Monday, 19 December 2011

The passing of a despot

Kim Jong Il is dead. This changes little in terms of either world politics or the situation of those within North Korea - unless his "great successor" Kim Jong Un is secretly a radical social reformer ready to transform the Democratic People's Republic. Unfortunately, this is highly unlikely and the country will almost certainly remain in the grip of totalitarianism.

Not that you could tell from the reaction of Red Youth, the youth wing of the Communist Party of Great Britain (Marxist-Leninist);
We send our deepest condolences to our friends and comrades in the Workers Party of Korea and to the people of the DPRK on the tragic loss of this much loved and lamented leader of their party and their nation. As the upholder of the Korean revolution, he was not only a great Korean but also a great leader of the world proletariat and peasantry in our common struggle against imperialism and for socialism.

Long live the memory of Kim Jong Il!

Long live the memory and legacy of Kim Il Sung!

Long live the Workers Party of Korea!

Long live the DPRK!

Long live the friendship between British and Korean workers!

Fight warmongering imerialism!

Korea is One!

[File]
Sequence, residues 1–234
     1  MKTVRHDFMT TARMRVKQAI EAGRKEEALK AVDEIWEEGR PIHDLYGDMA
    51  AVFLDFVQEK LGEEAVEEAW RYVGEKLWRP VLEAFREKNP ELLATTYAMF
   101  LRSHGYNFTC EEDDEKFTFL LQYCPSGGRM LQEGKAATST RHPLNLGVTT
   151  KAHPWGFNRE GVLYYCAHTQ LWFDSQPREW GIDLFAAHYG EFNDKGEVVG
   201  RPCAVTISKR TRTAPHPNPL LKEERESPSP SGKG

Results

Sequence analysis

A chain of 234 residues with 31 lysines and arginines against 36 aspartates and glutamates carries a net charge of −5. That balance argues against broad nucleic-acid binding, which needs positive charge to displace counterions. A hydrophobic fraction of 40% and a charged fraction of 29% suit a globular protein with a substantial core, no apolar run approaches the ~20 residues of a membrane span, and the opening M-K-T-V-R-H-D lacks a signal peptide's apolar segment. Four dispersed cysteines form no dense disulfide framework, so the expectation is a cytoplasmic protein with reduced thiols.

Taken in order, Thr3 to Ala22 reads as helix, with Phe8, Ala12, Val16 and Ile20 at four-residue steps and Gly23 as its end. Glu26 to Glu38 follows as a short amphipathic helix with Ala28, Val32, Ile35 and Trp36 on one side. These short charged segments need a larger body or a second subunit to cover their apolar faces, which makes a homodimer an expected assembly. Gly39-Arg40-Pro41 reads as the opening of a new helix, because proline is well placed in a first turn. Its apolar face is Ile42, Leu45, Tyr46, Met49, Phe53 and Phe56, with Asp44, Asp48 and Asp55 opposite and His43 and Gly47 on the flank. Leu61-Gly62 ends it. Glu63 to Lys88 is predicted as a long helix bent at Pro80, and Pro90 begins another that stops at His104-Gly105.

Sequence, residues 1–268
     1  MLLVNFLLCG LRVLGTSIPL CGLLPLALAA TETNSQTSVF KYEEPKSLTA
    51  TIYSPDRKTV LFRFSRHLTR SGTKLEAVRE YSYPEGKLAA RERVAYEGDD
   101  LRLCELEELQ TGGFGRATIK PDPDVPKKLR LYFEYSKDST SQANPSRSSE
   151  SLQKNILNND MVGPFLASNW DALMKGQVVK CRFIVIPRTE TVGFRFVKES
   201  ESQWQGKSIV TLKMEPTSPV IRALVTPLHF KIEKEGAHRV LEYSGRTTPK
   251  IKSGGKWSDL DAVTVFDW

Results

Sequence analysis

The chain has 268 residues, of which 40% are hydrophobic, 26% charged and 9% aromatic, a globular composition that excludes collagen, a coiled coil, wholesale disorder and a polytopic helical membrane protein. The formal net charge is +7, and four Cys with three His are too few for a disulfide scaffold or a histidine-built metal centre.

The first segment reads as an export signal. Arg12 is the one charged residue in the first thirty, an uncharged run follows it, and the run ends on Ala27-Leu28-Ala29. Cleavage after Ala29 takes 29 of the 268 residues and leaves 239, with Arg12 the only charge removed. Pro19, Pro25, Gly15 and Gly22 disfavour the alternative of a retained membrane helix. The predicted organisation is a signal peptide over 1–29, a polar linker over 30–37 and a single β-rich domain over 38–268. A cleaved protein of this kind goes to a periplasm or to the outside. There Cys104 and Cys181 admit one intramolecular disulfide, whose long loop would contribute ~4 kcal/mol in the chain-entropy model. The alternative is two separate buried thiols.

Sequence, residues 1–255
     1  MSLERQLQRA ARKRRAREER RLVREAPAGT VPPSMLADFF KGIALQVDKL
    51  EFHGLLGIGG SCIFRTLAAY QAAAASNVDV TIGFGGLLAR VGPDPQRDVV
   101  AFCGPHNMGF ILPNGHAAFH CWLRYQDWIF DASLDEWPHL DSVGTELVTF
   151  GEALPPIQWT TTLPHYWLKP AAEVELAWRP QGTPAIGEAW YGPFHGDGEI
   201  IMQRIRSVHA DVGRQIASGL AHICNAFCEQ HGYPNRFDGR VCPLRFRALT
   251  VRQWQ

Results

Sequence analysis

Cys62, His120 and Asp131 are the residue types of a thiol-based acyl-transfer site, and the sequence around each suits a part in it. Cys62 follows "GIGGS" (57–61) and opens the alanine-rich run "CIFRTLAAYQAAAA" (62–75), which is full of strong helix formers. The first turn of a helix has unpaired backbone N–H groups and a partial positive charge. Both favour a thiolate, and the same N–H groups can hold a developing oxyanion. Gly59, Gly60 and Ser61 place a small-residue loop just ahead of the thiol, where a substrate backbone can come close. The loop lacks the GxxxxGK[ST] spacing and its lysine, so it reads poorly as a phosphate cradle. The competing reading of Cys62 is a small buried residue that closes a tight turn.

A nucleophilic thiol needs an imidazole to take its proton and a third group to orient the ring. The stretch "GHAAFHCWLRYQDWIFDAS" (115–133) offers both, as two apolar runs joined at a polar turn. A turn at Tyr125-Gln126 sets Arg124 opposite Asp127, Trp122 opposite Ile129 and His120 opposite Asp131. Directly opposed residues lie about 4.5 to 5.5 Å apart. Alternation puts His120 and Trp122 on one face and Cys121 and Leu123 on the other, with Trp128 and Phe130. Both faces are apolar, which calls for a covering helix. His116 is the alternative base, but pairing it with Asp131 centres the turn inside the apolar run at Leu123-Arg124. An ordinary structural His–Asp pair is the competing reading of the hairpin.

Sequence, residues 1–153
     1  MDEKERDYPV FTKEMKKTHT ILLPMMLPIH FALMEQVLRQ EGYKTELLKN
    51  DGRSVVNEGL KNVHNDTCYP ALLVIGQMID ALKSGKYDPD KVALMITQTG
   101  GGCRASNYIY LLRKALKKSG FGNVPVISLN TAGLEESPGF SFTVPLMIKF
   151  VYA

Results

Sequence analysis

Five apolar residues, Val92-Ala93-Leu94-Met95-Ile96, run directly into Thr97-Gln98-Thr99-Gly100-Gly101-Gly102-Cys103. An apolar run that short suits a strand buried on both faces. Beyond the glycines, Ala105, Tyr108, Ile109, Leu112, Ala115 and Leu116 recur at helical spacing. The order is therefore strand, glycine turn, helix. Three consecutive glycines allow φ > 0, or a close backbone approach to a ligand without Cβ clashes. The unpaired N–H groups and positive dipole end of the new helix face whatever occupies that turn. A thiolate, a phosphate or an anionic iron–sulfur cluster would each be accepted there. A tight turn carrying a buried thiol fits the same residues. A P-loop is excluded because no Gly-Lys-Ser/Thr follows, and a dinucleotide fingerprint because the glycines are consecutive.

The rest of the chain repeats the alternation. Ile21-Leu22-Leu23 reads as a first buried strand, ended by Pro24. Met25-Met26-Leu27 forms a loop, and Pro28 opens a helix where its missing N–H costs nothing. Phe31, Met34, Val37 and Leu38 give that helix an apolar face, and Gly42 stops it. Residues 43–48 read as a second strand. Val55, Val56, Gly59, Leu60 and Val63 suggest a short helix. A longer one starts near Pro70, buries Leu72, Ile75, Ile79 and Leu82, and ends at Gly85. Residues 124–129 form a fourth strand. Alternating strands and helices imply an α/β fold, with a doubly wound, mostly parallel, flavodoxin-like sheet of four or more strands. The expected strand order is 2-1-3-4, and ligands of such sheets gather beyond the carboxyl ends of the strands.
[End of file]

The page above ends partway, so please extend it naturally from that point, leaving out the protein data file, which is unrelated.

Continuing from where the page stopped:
Yes. Really.

This reaction becomes less surprising when you consider that CPGB-ML is one of the groups behind The Stalin Society, which exists to "defend Stalin and his work on the basis of fact and to refute capitalist, revisionist, opportunist and Trotskyist propaganda directed against him." However, this doesn't alter the level of barnpot apologism for tyranny on display.

For Red Youth, Kim Jong Il "led the struggle of the tiny but defiant Korean nation to defeat the goliath of US imperialism." Through him, "the Korean people stand united and defiant with an uplifting spirit of ‘single-hearted unity’ that is their abiding strength."

However, a cynic might suggest that the fear of being thrown in a concentration camp is the real inspiration for "single-hearted unity." With 150,000 to 200,000 people in such camps, and reports of torture, starvation, rape, murder, medical experimentation, forced labour, and forced abortions, anything less is a frightening option. Such a level of fear and brutalisation also explains the personality cult around Kim Jong Il and his father Kim Il Sung as something akin to a national Stockholm Syndrome.

Now that the dictator is dead, as I've said, all that seems likely to happen is his son will take his place. The people of North Korea will continue to suffer until either they can rise up and overthrow the regime or some outside event displaces it. Nonetheless, the world is no poorer for being rid of Kim Jong Il.